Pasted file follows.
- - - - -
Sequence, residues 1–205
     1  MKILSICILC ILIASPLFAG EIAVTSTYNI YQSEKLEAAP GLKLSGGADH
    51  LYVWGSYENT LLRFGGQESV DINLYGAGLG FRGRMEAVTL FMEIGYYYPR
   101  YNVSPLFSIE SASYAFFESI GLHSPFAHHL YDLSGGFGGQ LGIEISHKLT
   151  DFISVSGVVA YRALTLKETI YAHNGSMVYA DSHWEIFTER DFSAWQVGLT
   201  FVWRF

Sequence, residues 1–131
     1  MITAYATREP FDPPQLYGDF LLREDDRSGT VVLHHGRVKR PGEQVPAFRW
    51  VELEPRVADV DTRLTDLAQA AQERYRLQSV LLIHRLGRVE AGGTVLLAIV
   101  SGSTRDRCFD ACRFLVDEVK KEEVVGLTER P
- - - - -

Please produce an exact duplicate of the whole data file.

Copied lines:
Sequence, residues 1–205
     1  MKILSICILC ILIASPLFAG EIAVTSTYNI YQSEKLEAAP GLKLSGGADH
    51  LYVWGSYENT LLRFGGQESV DINLYGAGLG FRGRMEAVTL FMEIGYYYPR
   101  YNVSPLFSIE SASYAFFESI GLHSPFAHHL YDLSGGFGGQ LGIEISHKLT
   151  DFISVSGVVA YRALTLKETI YAHNGSMVYA DSHWEIFTER DFSAWQVGLT
   201  FVWRF

Sequence, residues 1–131
     1  MITAYATREP FDPPQLYGDF LLREDDRSGT VVLHHGRVKR PGEQVPAFRW
    51  VELEPRVADV DTRLTDLAQA AQERYRLQSV LLIHRLGRVE AGGTVLLAIV
   101  SGSTRDRCFD ACRFLVDEVK KEEVVGLTER P